• Ford continues to get closer to its long-term target of zero fresh water use in manufacturing; Saves billions of gallons of water with technology upgrades and efficient processes
• Ford’s Chennai Vehicle Assembly and Engine Plant brought fresh water consumption down to 1.17 m3 per vehicle – from 7.3 m3; Sanand plant has zero water discharge with 110,000 m3 rain water harvesting
• World Water Day, celebrated annually on March 22 since 1993, raises awareness of the 2.2 billion people living without access to safe drinking water
Of all water on the planet, only about one per cent is easily accessible fresh surface water available for consumption by the almost eight billion humans that inhabit it. Approximately 97 per cent is salt water, while the majority of remaining fresh water is frozen in ice caps and glaciers, or difficult to access ground water.
Two decades ago, Ford set out to reduce its per-vehicle water usage by an astonishing 72 per cent.
By 2013, Ford had already saved more than 10 billion gallons of water. In perhaps more digestible terms, that’s the same as 15,000 competition-sized swimming pools; or over 3 hours 40 minutes of thunderous Niagara Falls flow.
While an admirable target, Ford sought to do more, setting itself an aspirational long-term goal of using zero fresh water in its manufacturing. That target is still in Ford’s sights, and the company has already made considerable steps towards ensuring that the only fresh water use at its facilities is for human consumption.
At Ford’s Chennai Vehicle Assembly and Engine Plant (CVAEP), fresh water consumption is down to an incredible 1.17 m3 per vehicle – from 7.3 m3 per vehicle only a decade ago. Having identified an alternate source of grey water to treat for use in non-production activities, the smart water efficiency processes see it recycle almost 100 per cent of industrial waste water for use in manufacturing.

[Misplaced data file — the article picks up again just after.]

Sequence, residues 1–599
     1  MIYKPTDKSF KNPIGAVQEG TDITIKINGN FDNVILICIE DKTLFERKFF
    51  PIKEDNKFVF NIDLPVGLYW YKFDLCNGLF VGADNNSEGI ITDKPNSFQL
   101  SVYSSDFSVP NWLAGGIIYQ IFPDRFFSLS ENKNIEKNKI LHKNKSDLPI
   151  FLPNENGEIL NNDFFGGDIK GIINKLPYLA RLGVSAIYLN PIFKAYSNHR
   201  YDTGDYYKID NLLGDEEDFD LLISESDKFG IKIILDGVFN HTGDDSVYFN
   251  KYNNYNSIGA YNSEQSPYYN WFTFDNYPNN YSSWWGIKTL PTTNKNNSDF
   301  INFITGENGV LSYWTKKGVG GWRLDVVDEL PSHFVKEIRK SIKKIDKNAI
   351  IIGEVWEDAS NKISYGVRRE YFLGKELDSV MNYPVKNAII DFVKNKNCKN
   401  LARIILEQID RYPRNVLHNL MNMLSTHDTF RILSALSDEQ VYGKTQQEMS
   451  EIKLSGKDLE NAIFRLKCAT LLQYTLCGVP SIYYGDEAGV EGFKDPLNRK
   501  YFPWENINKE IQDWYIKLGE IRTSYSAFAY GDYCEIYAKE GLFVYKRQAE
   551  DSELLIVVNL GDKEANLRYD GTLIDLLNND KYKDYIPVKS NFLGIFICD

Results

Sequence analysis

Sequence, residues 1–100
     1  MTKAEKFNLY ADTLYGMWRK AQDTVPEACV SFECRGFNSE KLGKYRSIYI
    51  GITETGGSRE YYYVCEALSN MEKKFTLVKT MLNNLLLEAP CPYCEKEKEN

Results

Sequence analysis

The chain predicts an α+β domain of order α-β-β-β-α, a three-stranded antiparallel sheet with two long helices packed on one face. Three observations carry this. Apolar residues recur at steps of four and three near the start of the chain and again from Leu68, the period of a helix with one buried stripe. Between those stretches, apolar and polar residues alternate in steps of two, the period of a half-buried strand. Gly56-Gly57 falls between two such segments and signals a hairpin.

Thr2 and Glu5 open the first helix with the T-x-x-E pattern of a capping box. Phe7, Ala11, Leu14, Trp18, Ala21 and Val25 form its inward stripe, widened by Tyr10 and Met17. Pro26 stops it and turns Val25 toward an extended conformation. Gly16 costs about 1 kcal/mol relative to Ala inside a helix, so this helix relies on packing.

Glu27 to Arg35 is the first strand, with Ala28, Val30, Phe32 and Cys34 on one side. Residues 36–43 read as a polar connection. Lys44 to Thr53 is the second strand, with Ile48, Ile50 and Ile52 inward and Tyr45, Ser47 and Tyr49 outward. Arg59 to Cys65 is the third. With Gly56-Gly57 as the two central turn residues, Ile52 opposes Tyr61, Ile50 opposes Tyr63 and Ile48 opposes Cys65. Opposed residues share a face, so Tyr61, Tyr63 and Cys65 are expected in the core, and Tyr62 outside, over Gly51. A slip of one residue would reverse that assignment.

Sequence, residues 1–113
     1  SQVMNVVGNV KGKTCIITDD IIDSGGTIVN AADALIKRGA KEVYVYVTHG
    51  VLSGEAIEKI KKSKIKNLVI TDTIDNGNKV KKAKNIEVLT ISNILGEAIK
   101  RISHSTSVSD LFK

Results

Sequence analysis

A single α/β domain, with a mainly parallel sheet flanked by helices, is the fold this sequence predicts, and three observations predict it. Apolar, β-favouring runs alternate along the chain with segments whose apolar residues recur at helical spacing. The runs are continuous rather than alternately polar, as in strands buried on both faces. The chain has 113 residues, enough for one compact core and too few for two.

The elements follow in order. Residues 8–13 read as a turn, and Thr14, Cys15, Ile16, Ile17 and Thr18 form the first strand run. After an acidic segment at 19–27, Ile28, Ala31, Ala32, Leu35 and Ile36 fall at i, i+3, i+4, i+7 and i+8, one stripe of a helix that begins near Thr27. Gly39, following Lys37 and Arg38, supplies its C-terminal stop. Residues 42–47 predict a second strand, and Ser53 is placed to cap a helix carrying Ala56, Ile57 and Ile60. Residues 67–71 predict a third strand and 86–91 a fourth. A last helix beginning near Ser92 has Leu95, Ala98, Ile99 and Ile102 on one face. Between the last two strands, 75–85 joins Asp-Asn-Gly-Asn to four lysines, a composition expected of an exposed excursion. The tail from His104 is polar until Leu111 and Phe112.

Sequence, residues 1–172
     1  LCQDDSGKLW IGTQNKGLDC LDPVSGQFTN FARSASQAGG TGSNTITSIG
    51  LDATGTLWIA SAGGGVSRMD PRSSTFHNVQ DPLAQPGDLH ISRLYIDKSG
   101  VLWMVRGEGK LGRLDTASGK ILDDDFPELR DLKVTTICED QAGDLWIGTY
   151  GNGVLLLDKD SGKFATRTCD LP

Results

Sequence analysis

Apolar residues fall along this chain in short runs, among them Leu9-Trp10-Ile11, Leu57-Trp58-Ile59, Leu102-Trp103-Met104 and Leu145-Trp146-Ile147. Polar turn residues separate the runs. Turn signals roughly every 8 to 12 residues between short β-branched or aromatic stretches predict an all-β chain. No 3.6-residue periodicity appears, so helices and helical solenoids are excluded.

Ford’s Sanand Vehicle Assembly & Engine Plant in Gujarat has zero water discharge, with a 110,000 m3 rain water harvesting pond used for pallet washing, irrigation, and with plans in place to replace the cooling tower’s water with rainwater, too.
Ford’s Global Business Technology & Business Center in Chennai (GTBC) can also claim zero discharge, thanks to its 100 per cent reuse of treated wastewater for dual plumbing, horticulture, and cooling tower chiller. Ford GTBC – opened in 2019 – earned its Platinum green building rating at launch; the highest possible certification for sustainable buildings.
The globally recognized certificate not only factors in water conservation but also sustainable design, architecture, and building material resources; energy conservation including use of renewable energy resources; indoor environment quality; and innovation and development.
Similar efforts have been put in across Ford’s other manufacturing units globally.